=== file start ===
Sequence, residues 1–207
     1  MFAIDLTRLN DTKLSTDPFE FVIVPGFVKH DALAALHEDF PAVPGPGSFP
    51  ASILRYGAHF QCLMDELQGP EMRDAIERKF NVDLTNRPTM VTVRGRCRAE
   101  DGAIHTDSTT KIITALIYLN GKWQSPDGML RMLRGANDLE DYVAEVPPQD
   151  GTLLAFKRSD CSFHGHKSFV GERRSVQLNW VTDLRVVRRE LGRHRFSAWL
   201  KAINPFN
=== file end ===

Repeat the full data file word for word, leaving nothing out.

Sequence, residues 1–207
     1  MFAIDLTRLN DTKLSTDPFE FVIVPGFVKH DALAALHEDF PAVPGPGSFP
    51  ASILRYGAHF QCLMDELQGP EMRDAIERKF NVDLTNRPTM VTVRGRCRAE
   101  DGAIHTDSTT KIITALIYLN GKWQSPDGML RMLRGANDLE DYVAEVPPQD
   151  GTLLAFKRSD CSFHGHKSFV GERRSVQLNW VTDLRVVRRE LGRHRFSAWL
   201  KAINPFN